Blog by Anthony Cook
I’m turning in my third midterm exam today. This one is based on an old Thermofilter pipe. I’ve made plenty of mistakes while fumbling my way through the learning process of pipe restoration, but one of my biggest and earliest blunders was inflicted on this poor pipe.
Thermofilter seems to be one of those nearly forgotten brands that nevertheless still pops up on eBay on a fairly frequent basis. The best information that I can dig up on it comes from a comment that “emo” posted on the Dr. Grabow Collector’s Forum:
Thermofilter was made in Italy by Fratelli Rossi in Varese. Started about 1964 and continued till about 73/74. It was imported and sold by Mastercraft…. to, best I recall, Whitehall Products Co. in Wheeling WV… Division of CULBRO.
We had several “left over” and closed them out for $3.98 over a year or two… not as Thermofilter, but simply as a filter pipe, even though they were stamped Thermofilter. Pretty cheap stuff…
The pipe in my possession is a small billiard with carved rustication. The center letters of the stamping are very worn and faint, but there’s enough there to make out “THERMOFILTER” over “IMPORTED BRIAR” on the left side of the shank. The stem did not have any markings and the bit end had been hacked off. Below are some photos of the pipe that I took shortly after its arrival.
You may have noticed that I used past tense when mentioning the stem above. That’s because I dissolved the original, plastic stem from the inside out. Yes, you read that right. When I was running alcohol dampened pipe cleaners through the stem to clean it out, the first couple came out covered with the thickest, blackest, and stickiest goo that I had ever encountered and I surmised that I was working on some serious tar build-up. I was surprised to find that the amount goo wasn’t diminishing as I worked, but actually appeared to be increasing. Eventually, I noticed that the bore of the airway seemed larger than I had originally thought it was. That’s when I realized the horrible truth. The alcohol on the cleaners was causing the cheap, plastic material of the stem to break down and it was disintegrating from the inside out. You can see for yourself in the comparison photos below. You’d think that I would have noticed it earlier, but I honestly wasn’t paying attention to the diameter of the airway. I mean, who thinks that their stem is just going to dissolve, right?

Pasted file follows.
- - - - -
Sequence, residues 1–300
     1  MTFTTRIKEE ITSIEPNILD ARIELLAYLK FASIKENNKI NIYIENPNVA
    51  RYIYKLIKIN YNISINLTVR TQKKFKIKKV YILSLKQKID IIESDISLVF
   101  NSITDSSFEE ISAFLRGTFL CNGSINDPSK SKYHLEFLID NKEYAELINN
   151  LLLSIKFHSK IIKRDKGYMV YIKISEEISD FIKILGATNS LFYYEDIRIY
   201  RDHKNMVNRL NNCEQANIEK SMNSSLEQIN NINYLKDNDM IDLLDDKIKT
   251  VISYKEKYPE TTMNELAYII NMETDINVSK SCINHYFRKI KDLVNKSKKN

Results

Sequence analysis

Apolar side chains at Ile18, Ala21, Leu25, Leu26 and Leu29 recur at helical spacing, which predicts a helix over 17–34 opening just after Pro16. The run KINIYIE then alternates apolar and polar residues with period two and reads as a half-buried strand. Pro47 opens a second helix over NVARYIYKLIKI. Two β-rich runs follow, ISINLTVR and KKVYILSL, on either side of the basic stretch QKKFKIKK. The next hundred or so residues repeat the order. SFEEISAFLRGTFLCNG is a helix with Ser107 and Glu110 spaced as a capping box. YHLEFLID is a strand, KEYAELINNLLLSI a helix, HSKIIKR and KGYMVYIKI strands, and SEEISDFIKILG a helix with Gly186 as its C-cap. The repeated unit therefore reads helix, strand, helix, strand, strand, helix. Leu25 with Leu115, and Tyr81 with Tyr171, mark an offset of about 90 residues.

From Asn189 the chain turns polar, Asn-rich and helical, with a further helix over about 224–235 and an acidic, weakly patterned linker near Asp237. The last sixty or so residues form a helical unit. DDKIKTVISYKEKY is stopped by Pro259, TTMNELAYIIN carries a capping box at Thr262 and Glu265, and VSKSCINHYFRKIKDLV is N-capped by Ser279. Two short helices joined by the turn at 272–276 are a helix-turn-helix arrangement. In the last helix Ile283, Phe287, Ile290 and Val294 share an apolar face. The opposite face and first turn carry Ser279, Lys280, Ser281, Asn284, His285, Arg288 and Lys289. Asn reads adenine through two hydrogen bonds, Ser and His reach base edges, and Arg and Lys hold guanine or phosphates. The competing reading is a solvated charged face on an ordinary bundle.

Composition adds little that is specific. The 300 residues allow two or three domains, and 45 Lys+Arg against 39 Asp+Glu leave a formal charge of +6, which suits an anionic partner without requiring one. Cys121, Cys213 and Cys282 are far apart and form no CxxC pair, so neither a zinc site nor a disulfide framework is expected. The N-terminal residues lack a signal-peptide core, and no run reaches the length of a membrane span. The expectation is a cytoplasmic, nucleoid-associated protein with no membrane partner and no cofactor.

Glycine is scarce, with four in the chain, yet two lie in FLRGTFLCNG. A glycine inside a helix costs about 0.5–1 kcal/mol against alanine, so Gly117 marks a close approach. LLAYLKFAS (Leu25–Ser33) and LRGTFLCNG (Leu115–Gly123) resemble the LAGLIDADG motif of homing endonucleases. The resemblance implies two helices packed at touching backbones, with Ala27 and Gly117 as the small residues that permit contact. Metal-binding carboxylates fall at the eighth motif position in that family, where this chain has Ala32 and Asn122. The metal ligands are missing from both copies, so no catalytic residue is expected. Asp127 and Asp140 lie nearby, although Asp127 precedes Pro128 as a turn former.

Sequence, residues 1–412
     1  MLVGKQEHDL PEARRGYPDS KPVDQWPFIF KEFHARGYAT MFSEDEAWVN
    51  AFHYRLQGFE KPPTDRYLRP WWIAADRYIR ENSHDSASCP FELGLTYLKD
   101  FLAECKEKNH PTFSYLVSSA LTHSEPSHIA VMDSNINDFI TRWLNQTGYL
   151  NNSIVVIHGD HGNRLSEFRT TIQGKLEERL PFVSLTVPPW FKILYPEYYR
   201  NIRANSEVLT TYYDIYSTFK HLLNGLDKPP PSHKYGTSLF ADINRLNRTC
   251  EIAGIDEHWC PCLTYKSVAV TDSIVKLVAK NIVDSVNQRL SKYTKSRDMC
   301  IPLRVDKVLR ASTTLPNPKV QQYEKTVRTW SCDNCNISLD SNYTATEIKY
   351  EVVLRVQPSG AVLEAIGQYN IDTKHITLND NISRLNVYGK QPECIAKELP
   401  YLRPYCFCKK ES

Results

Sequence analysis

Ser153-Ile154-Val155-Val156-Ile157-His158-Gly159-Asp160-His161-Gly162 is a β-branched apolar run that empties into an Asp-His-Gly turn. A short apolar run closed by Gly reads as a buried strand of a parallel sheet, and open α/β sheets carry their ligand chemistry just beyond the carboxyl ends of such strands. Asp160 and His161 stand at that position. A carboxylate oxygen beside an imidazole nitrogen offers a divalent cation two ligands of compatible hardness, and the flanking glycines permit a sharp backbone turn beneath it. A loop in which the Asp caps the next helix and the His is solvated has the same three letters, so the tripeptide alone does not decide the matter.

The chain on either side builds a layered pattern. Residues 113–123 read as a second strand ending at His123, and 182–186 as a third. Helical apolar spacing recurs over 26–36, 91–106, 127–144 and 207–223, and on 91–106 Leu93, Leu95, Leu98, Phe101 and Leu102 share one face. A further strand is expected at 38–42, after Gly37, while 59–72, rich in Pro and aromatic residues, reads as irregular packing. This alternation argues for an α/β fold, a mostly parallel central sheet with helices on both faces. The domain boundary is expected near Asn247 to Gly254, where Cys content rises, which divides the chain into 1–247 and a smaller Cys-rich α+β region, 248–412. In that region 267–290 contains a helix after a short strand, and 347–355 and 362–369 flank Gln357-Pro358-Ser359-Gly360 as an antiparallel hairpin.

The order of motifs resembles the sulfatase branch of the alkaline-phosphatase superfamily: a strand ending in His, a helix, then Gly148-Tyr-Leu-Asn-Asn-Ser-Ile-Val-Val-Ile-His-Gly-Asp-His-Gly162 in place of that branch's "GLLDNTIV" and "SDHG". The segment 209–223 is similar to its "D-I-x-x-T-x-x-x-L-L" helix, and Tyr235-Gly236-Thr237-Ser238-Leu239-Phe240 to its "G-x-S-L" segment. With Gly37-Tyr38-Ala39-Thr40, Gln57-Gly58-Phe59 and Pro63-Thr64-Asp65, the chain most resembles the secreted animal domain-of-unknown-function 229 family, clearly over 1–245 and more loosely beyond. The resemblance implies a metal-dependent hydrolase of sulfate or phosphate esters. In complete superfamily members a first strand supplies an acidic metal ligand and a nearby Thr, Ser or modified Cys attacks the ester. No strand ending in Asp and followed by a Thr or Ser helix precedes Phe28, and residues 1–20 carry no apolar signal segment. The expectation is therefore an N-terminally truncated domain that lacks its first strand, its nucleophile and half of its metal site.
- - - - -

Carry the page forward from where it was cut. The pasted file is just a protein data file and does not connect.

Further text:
In any case, I didn’t have any extra stems to replace the original with. So, I tossed the poor, mutilated stem into the trash and dropped the stummel back into the box. It’s been wasting away in there for the past several months. For my third midterm exam, I decided to pull it out to see if I could do right by this old pipe, try some new things, and correct my past mistakes.
I started by giving the stummel an alcohol bath and wiping it down with acetone. This removed the lacquer coat and much of the old stain. It also revealed some really nice grain between the areas of carved rustication. Then, I topped the bowl with 220-grit and 320-grit papers. I used the same grits to rough out a chamfer around the rim to remove the gouges along the edge. Even though the pipe had been hand cleaned before being boxed up, I wanted to do a retort since I didn’t have one at the time. So, I placed the original, aluminum tenon into the mortise and attached the retort tube directly to that. I flushed the boiling alcohol through the shank 8-10 times before setting the pipe aside to cool, and then I dumped the amber-colored alcohol and repeated the process. After the second flush, the alcohol remained nearly clear and I was satisfied that the retort had done all that it could do. I gave the shank a final scrub using a few pipe cleaners, cotton swabs, and a shank brush and considered the pipe to be clean as it was going to get. The stummel had a few fills that needed to be dealt with. It also had a small, surface crack at the end of the shank that did not penetrate into the mortise. I had wondered about using black CA glue for fills for a while. When I saw Al’s work on the Chelsea pipe I knew that I had to give it a try. After picking the fill material out, I applied a bit of glue into the pits and crack with a round toothpick, and then packed in a little pre-stained briar dust that I had left over the Rogers pipe that I posted earlier. I repeated this until I had a good patch built up above the surface. When the glue was dry, I sanded it down with 220 and 320-grit paper. I also used a round, tapered needle file and 240/320-grit sanding needles to smooth and shape a patch inside the carved rustication. Once the fills and crack were repaired, it was time to do something about the stem. I had picked up a grab-bag batch of pre-made stems a short while earlier. I sifted through them until I found a decent match. I decided to trim the tenon rather refitting the old, aluminum one. So, I cut off the stepped end of the tenon with a Dremel, and then trimmed the tenon with the tenon turning tool chucked into the drill press. The tool was new to me and the first image in the picture below shows the result of my first cut. My speed was off and I didn’t take it up far enough to face it properly. No worries though, because it was still too large and the subsequent trims went much better. After each turn of the tenon, I tested the fit by inserting it partially into the shank. When I thought I was getting very close, I attempted to insert the stem a bit farther and heard a sharp “snap”. It was the unmistakable sound of the shank cracking. It seems that the surface crack that I had thought was insignificant had suddenly become significant.